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Old 05-03-18, 12:25 AM
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I'd suggest stopping by an electronic or electrical supply house. Or perusing some manufacturer sites. Of course the breakers exist...you can buy all sorts of things with mini ckt breakers incorporated into them, from table saws to garbage disposals to outlet taps to extension cords. You need to know voltage and current rating of the fuse you will be bypassing.
 
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Old 05-03-18, 07:40 AM
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First, you can't troubleshoot a circuit with power and a short, so start with no power and your ohm meter. Factory testing often establishes expected ohm readings for a given good circuit board and you can do some of the same if you are dealing with the same boards over and over. Until you can get a good resistance reading don't apply power, that will save some fuses.

Over current protection seems like a hot topic when searched. I didn't read this entire link but "In this project I will show you how to create a simple circuit that can interrupt the current flow to a load when the adjusted current limit is reached." Seemed to be talking about something similar to what you are asking.
DIY Short Circuit (Overcurrent) Protection

Bud
 
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Old 05-03-18, 04:33 PM
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For a service company to send a tech with only one fuse is ridiculous .
 
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Old 05-03-18, 07:42 PM
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When troubleshooting short circuit issues in building/home wiring I will put an incandescent light bulb in series with the circuit to have enough resistance that the fuse/circuit breaker does not trip/blow. The handy thing about the light bulb is it will glow brightly while the short is present, but when it is eliminated the light goes out.

You could likely use the same concept in troubleshooting appliances. You might have to find the right bulb that works for your application.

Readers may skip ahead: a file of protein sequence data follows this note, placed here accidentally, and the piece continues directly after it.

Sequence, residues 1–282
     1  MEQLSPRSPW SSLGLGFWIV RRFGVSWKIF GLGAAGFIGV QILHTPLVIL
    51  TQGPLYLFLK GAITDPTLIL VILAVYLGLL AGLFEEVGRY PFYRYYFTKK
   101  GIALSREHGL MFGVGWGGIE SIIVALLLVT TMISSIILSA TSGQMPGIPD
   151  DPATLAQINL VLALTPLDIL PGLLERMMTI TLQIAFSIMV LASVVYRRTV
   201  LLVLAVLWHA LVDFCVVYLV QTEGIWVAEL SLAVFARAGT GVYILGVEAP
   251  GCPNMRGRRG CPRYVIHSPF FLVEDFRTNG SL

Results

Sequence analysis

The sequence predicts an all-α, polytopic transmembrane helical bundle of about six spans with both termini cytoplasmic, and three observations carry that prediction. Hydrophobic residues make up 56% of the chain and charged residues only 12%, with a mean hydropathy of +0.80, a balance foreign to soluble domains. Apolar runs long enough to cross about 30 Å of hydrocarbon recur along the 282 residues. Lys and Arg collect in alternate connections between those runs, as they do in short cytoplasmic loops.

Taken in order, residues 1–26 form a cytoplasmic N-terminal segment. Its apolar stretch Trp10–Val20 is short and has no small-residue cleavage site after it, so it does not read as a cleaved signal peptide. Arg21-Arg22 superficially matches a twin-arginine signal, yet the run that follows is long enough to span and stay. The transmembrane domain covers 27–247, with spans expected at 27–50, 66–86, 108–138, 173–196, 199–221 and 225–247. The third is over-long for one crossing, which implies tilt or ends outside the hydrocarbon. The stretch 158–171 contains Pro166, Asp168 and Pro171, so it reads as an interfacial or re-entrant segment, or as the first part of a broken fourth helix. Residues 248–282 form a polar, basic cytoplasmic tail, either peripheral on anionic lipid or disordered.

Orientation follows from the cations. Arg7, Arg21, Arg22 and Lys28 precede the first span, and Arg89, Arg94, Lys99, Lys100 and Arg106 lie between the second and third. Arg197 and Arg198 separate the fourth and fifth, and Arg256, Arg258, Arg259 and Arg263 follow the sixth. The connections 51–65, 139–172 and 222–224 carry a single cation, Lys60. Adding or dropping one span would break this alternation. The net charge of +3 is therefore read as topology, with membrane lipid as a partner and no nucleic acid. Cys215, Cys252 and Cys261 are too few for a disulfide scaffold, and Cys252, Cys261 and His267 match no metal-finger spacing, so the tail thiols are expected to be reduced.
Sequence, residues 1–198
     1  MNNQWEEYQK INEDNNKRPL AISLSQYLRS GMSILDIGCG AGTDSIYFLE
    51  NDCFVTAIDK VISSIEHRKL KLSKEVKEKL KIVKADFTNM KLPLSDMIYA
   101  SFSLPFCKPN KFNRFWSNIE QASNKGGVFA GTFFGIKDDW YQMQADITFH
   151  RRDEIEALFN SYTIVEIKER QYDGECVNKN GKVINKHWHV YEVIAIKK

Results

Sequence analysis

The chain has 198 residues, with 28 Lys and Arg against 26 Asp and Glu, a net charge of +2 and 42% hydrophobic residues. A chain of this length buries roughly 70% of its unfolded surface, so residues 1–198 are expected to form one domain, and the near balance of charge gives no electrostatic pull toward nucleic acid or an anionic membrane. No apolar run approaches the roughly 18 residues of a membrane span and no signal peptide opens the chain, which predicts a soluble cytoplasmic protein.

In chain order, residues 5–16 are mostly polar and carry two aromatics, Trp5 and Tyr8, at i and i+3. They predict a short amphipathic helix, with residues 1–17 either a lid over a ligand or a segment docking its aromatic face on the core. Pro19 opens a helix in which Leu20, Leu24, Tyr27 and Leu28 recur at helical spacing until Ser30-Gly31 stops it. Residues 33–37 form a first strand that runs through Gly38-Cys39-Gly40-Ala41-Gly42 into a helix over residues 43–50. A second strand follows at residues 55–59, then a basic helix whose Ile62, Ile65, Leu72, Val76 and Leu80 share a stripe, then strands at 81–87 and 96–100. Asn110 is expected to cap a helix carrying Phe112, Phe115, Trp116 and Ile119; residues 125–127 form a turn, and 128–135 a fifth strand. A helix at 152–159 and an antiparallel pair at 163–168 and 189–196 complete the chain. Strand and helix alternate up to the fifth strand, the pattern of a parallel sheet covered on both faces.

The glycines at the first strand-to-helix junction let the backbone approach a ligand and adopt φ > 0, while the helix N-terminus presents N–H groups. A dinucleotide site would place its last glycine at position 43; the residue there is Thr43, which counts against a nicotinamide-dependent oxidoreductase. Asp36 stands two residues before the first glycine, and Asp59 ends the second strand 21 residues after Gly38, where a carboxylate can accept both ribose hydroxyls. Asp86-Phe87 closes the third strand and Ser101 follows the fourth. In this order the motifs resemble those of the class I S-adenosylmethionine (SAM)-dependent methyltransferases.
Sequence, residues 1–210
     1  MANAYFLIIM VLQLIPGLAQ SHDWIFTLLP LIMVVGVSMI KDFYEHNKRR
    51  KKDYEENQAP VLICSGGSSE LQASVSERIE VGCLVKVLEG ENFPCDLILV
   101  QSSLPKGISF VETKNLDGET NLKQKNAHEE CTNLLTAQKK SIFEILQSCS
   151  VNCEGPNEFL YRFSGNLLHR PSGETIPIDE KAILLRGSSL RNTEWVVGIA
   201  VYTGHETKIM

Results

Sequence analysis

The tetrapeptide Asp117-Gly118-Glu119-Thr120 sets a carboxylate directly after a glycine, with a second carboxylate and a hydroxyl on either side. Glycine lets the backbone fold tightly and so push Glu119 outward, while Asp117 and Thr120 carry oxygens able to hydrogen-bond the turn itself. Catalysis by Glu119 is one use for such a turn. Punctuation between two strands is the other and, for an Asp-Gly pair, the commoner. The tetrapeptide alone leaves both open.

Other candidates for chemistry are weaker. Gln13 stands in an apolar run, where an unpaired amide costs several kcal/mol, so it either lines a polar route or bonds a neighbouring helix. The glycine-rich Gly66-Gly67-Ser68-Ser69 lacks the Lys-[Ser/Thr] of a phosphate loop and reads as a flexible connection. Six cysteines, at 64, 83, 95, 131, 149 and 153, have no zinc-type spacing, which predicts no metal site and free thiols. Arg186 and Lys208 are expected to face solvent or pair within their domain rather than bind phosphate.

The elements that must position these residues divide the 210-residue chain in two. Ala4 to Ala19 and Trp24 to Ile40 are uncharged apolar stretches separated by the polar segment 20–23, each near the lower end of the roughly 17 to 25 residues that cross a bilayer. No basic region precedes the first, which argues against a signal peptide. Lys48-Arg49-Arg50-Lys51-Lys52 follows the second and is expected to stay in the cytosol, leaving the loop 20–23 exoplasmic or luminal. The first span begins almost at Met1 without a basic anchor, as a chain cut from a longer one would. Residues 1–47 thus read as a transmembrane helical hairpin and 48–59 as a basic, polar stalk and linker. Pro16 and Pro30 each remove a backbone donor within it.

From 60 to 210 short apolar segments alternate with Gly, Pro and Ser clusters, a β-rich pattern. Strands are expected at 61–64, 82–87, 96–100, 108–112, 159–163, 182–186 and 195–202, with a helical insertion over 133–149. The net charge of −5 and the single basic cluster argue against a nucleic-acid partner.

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Old 05-03-18, 09:12 PM
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For a service company to send a tech with only one fuse is ridiculous
The thing is there are many manufacturers, different types of equipment & many models from new to 20 years old. A tech would need 10 tractor trailers following him to have all parts needed. What the companies do is provide the techs with the basic parts & only parts that are used mostly. A certain part, in this case a fuse might not be used enough for the company to include in the van inventory.
 
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Old 05-04-18, 06:03 AM
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And fuses are a pain as even with a dozen on hand you can still run out while trouble shooting.

One tool you might consider, since they have dropped dramatically in price, would be an infrared camera. When there is a short that takes out a fuse sometimes the offending component/s get hot. I bought my IR camera after retiring from the field service business but on the bench it sure would have avoided a few burnt fingers. That was the old way to find hot components.

Bud

PS, you might do some searching at "ThomasNet". That is the online version of the old Thomas Register that helped me many times.
 
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Old 05-04-18, 06:38 AM
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And fuses are a pain as even with a dozen on hand you can still run out while trouble shooting.

One tool you might consider, since they have dropped dramatically in price, would be an infrared camera. When there is a short that takes out a fuse sometimes the offending component/s get hot. I bought my IR camera after retiring from the field service business but on the bench it sure would have avoided a few burnt fingers. That was the old way to find hot components.

Bud

PS, you might do some searching at "ThomasNet". That is the online version of the old Thomas Register that helped me many times.
The issue is that the customer calls for service & by the time the tech arrives it's many hours, or even days.